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Hello all! If anyone else is interested in devops tools like ansible/vagrant/docker or linux administration this project might interest you. I recently started learning about ansible a tool used to configure/orchestrate servers. So I thought I would try and use that to push firmware updates out to MSP430s. I came up with a solution that allows me to run a command on my machine which then copies the firmware to Rapsberry Pis and then flashes any MSP430 LaunchPads connected to them. I first had to compile the msp430 dll and the latest version of mspdebug for the ARM architecture (rather than x86). Essentially this allows me to program MSP430s from a Raspberry Pi using mspdebug. I talk about the steps here: http://zacklalanne.me/automated-deployment-of-msp430-firmware-part1/ Then I wrote an ansible playbook to automatically deploy the dll and mspdebug as well as the firmware to the connected Raspberry Pis which then push the firmware to the MSP430s. http://zacklalanne.me/automated-deployment-of-msp430-firmware-part2/ Don't think this is too realistic for an actual production environment but getting it all to run was a good learning exercise in compiling code on linux and system administration.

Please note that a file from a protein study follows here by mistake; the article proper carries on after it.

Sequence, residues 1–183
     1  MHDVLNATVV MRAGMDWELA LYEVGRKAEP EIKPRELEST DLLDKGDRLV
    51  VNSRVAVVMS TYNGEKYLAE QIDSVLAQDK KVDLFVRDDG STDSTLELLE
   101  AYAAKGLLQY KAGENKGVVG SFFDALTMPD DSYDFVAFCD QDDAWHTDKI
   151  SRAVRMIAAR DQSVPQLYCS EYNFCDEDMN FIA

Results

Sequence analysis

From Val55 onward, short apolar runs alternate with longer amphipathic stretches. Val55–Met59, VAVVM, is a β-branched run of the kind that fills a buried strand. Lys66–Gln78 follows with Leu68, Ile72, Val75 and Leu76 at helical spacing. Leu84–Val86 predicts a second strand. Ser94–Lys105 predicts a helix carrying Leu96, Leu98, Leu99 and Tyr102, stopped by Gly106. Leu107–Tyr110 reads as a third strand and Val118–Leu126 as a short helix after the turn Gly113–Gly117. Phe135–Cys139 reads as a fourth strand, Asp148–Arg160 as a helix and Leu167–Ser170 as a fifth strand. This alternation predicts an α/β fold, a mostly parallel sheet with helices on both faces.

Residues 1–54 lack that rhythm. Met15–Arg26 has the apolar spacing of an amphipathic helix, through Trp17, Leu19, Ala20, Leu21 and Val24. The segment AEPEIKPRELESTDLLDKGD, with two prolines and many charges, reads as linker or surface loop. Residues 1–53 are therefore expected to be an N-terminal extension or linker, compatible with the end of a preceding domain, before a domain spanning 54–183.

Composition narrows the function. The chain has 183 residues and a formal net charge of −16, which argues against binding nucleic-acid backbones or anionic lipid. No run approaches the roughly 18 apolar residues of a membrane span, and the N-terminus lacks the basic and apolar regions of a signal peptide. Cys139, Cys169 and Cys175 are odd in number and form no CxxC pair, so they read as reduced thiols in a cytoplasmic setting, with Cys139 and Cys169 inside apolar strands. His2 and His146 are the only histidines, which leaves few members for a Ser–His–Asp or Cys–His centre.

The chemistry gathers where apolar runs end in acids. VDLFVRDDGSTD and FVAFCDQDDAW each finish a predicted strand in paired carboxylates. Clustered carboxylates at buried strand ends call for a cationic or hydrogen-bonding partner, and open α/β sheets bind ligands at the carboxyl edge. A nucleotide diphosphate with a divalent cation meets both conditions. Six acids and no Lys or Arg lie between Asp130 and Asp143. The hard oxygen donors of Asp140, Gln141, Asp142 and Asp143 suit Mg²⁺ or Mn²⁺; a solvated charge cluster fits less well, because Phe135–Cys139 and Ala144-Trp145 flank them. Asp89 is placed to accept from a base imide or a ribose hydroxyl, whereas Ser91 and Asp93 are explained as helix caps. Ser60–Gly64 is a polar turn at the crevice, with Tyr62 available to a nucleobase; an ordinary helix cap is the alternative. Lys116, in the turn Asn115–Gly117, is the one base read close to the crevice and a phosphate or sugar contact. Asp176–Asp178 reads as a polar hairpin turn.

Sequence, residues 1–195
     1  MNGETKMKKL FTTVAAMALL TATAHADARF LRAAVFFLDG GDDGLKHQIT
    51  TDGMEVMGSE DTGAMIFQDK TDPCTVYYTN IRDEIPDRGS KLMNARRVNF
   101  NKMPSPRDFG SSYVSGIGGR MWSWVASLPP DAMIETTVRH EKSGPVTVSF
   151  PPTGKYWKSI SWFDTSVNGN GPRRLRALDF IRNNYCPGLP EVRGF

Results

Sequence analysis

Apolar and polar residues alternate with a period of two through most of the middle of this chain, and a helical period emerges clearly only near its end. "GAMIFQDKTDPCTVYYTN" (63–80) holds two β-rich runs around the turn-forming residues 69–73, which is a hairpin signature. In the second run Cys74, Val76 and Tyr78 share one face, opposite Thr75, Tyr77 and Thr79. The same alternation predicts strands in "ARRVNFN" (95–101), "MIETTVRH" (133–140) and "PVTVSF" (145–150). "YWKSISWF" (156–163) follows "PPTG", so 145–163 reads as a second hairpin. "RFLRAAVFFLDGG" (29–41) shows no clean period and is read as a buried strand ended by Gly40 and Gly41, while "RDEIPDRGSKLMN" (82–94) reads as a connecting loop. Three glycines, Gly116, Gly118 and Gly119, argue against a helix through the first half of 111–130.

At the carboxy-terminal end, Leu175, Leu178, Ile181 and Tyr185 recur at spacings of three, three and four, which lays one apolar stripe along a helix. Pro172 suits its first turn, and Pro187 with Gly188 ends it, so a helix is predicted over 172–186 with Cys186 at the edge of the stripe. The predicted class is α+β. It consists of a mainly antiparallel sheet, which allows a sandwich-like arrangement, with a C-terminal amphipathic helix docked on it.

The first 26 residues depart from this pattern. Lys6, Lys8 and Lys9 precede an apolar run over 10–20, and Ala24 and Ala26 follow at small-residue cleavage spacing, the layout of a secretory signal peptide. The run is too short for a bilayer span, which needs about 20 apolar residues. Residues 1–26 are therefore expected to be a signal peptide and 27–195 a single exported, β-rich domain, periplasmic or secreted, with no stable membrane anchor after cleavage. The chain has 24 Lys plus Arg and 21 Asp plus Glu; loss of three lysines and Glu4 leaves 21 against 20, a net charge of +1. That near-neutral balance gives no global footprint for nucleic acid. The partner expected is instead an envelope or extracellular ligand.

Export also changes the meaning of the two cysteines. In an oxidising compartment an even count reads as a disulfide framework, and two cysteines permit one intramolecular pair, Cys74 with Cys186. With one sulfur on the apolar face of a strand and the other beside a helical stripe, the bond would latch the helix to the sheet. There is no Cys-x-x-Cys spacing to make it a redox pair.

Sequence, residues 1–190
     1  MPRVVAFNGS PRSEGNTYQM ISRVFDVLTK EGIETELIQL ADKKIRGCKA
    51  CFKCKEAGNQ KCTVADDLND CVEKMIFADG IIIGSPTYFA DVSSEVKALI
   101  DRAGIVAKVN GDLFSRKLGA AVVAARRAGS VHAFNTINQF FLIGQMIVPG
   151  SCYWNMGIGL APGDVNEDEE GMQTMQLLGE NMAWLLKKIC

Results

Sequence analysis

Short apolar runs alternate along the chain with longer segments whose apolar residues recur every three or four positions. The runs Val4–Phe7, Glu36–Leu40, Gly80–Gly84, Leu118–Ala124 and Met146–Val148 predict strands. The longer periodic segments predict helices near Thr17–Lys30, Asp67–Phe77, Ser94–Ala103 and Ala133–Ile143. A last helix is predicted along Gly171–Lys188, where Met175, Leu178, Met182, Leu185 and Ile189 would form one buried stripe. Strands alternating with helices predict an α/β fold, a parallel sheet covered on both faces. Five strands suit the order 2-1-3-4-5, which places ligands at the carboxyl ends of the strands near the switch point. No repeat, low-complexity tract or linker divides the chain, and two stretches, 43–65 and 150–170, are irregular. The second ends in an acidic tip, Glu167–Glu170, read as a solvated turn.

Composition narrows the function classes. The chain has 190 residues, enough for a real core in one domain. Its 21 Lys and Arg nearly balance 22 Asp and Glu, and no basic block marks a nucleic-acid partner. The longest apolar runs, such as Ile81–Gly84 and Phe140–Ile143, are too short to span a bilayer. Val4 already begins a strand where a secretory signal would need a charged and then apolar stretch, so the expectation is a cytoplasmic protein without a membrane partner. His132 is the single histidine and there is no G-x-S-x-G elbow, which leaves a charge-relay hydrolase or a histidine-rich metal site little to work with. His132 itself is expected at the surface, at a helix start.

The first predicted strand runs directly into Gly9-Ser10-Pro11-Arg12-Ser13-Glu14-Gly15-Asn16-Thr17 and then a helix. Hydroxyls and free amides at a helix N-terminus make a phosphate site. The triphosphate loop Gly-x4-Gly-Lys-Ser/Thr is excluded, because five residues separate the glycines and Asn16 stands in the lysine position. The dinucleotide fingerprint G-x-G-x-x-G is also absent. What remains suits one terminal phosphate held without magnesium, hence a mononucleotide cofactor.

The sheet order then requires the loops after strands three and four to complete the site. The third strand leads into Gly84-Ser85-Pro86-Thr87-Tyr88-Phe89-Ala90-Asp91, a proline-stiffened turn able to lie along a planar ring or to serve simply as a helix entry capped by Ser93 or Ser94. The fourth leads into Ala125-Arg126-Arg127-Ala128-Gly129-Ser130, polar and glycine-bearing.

Over the past 10 years I've used various micro-controllers and devices to monitor and control my home heating and cooling system, water heater, sump pump, humidifier, AC power, lights, as well as a custom security system. After downsizing and moving into a condo a couple years ago, I also downsized my system toys, much to my wife's relief. But I am currently using a BeagleBoardXM to monitor our gas furnace and relevant weather datapoints. I thought I would share some of this project with anyone who might be interested. The heart of the monitoring system is a BeagleBoardXm running Ubuntu 13.04 headless. The program itself is written in Python 2.7.4. Data passed to the program consists of whether the furnace's gas burner is on or off, the temperature and humidity inside our home and the temperature, wind chill and wind speed outside. These 6 data points are uploaded to Xively every 60 seconds where they are automatically graphed for web analysis. In addition all data is logged to the BeagleBoard's SD card everytime the status of the furnace changes. To be more specific about the hardware, a 24VAC relay is connected to the furnace's gas valve. It's normally closed contacts are connected to a digital input pin on a Xbee radio module. The Xbee is set up in I/O line passing mode. When the furnace fires, pin D3 goes High, which is reflected on another Xbee, also running in I/O line passing mode, connected to a USB port on the BeagleBoard. This Xbee then sends a 13 byte packet to the serial port which is read by the Python program. I could add more appliances to the Xbee in our utility room, for example, the water heater, clothes washer/dryer and AC power. But for now I'm keeping things minimal. To measure the temperature and humidity inside our home, I'm using a Phidgets 8/8/8 Interface Board. Phidgets temperature and humidity sernsors are connected to a couple of its analog inputs. Here again I could add more sensors. To get outside conditions, I'm pulling down metadata from WeatherBug.com, parsing its 30 some data elements and retreiving just temperature, wind chill and wind speed. Those seemed to be the things most relevant to how much my furnace runs. Then as I mentioned, these 6 data elements are uploaded to Xively.com for online viewing. This has come in handy when we are away to make sure things are running OK at home. Here's a link to my account: https://xively.com/feeds/97217%C2'> It may not always be updating, as I fiddle around with the program. I use MobaXterm to SSH into the BeagleBoardXm and WinSCP for more extensive file management, both from my Windows machine through our home network. I did find it necessary to setup a static IP adress for the BBXm. Some of the Python packages this project uses are: PySerial, Mechanize and Phidgets. I'm using an embedded class from: github.com/mattvenn/cosm to format the data elements into a format suitable for uploading to Xively. Interestingly, Pachube was bought by Cosm and finally by Xively during the years I have been using them to graph my data. I also managed to get my sound working and may use it for audible warnings or messages. Perhaps more to come...